Welcome to Readers Write to Know! I asked you, my readers, what questions they would ask their favorite authors if given the chance, and the authors visiting my blog answered them! This week, I am pleased to bring you Lynne Basham Tagawa, because it means that get to know her a little bit more, too! I LOVE the sound of her book! And I very much enjoyed the approach she took with her answers. I hope you enjoy her interview as much as I did. Lynne is also giving away a copy of her latest release, The Shenandoah Road. Read on to see how you can enter to win a copy!
Tell us a little about yourself. I’m a schoolteacher, actually—science and math. The math got added on when a small school lost its math teacher and I was squeezed into the role. But my interests shifted over the years, and now I prefer history to chemistry.
Tell us a little about your current release. The Shenandoah Road: A Novel of the Great Awakening was released last summer, and now it’s currently in audiobook production. My narrator lives in Virginia, and loves that the story is set in some of his favorite areas.
It’s a romance, but the novel isn’t just about that. It’s classified as historical fiction, not romance, for that reason. And because the characters marry at about the 25% mark—okay, a bit of a spoiler there!
I wanted to write about the great revival in the 1730s and 40s—what would it be like to live back then? There are very few who have written stories set in that time period, and one of those is juvenile.
As I did research I realized that there was a lot of diversity in the colonies during that time, even among English-speakers. New Englanders had different backgrounds, different customs, from those in Virginia. Everyone knows about the Quakers—Philadelphia was the cosmopolitan metropolis of the day, with religious freedom not found elsewhere. So that’s another group.
Then enter in a huge wave of Scots-Irish immigration. Several hundred thousand came to these shores during the 18th century, and their customs were different still. I begin to imagine . . . what if a Scots-Irish Presbyterian married a New England Congregationalist . . . it was fun to write.
If you knew ahead of time that your book would benefit only one person on their spiritual journey, would you still write it? Wow, what a challenging question. I would say yes, but with this explanation: my focus on motivation always has to be on what the Lord would have me to do rather than the results. We are called to “witness,” which brings to mind a courtroom setting. We give our testimony or speak gospel truth, but in the end, the fruit is up to God.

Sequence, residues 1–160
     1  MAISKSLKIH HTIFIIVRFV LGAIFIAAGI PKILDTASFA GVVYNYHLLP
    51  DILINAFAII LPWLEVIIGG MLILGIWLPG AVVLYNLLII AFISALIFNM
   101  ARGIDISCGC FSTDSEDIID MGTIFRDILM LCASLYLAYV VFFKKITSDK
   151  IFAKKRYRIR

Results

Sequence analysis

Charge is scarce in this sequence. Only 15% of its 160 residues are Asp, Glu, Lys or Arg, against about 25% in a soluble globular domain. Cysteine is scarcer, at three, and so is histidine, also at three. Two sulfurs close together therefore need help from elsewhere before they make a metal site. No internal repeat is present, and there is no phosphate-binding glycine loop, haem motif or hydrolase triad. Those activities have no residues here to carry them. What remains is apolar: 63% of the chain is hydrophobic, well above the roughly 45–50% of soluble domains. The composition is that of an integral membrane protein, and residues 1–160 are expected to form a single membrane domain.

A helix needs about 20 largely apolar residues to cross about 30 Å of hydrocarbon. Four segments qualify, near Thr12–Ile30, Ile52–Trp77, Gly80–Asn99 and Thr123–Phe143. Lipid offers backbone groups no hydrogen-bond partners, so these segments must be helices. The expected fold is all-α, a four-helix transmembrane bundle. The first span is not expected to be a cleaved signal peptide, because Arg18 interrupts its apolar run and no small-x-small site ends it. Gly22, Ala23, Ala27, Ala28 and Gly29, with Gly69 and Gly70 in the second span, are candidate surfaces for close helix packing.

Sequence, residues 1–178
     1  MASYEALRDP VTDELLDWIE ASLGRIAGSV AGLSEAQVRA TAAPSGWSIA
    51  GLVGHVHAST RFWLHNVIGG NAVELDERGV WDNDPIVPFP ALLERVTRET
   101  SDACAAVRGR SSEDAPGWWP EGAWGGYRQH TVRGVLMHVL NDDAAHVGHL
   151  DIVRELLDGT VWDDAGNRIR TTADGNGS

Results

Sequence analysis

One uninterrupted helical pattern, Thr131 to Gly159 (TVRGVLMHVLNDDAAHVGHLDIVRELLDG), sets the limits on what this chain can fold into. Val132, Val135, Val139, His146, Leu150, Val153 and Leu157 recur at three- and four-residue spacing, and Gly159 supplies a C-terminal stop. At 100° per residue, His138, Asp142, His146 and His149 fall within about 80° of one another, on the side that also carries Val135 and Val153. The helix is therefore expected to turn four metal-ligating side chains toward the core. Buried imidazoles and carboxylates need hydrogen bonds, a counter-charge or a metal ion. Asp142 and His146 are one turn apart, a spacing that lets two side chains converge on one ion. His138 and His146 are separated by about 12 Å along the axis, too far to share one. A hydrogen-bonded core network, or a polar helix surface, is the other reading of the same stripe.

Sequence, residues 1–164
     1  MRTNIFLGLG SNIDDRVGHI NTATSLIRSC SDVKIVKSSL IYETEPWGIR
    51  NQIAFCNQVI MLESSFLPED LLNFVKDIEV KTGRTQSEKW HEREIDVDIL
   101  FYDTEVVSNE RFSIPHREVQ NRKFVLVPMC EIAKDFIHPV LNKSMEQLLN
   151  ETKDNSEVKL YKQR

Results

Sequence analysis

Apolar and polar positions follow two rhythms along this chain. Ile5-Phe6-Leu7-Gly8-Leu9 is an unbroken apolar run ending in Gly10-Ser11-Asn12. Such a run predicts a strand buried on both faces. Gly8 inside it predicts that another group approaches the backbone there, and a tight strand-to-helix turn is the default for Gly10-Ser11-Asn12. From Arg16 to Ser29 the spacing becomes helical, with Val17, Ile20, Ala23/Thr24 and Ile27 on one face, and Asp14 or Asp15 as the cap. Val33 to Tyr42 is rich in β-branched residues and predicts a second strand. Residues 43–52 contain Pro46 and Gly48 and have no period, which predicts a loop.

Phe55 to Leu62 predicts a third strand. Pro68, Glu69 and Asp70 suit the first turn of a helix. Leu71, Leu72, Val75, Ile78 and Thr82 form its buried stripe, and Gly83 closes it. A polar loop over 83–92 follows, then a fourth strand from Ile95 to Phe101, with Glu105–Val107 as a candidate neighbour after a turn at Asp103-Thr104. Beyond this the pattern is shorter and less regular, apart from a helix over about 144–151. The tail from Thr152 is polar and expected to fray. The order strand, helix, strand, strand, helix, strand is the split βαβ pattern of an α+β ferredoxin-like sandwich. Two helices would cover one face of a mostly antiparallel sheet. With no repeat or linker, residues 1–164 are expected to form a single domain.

How do you push past the fear of your writing being average and be bold enough to sell it to a publisher (or agent or audience if you self-publish)? Great question. I self-publish (I have my own imprint) but I still deal with that. I know my writing is not exceptional. Some things have helped me—first, I’ve learned, that in every endeavor, to use what God has given me. It may not be as much as what God gave someone else, but it’s what He gave me. Second, writing is a craft that is learned. I can improve.
What is your personal, most effective way to get past writer’s block? I’ve never suffered from a major case of it. Periodically, though, my output slows down. I begin to have doubts about the chapter I’m writing. Step one is just to write—even if it’s a paragraph. Another tactic is to quit and pick up a novel. Weirdly, reading someone else’s prose starts my brain churning. After a while my eyes have drifted from the page and I’m constructing a scene in my head.
How did you determine whether to self-publish or seek a traditional publisher? A couple of things led me to self-publish. The first was my content. My stories are “preachy”—not in the bad, copy/pasted way I see on occasion. But my characters have a spiritual journey as well as an emotional one, and that necessitates using Scripture or even bits of sermons. The Shenandoah Road has a lot of that—first, my hero wants to make sure his potential wife understands justification by faith, and later, he teaches her using a sermon by George Whitefield.
The only publisher I knew of that might go for it is rather small. I communicated with one of their authors, who explained his decision to create his own imprint. It’s partly economic, partly a question of signing away your rights.
Do you have your plotline and character development already laid out before you begin writing a book, or do they develop as you write? I have a backbone—important, crucial scenes jotted down before I type the first word. What is this story about and where is it going? I know there are some writers who invent characters, plop them in a setting, and see what happens. Not me. I have to envision the climax so I know where I’m driving. I wouldn’t call it an outline, exactly—that word gives me mental hives. It’s more like the rail to hang on to or at least glance at while I go up the stairs. It reduces my anxiety so I can enjoy my characters and let things happen along the way. A couple of incidents in The Shenandoah Road were spontaneous. I love that.
Here is where you can find Lynne online:
Lynne is giving away a copy of The Shenandoah Road: A Novel of the Great Awakening to a reader! See below how you can enter to win:a Rafflecopter giveaway
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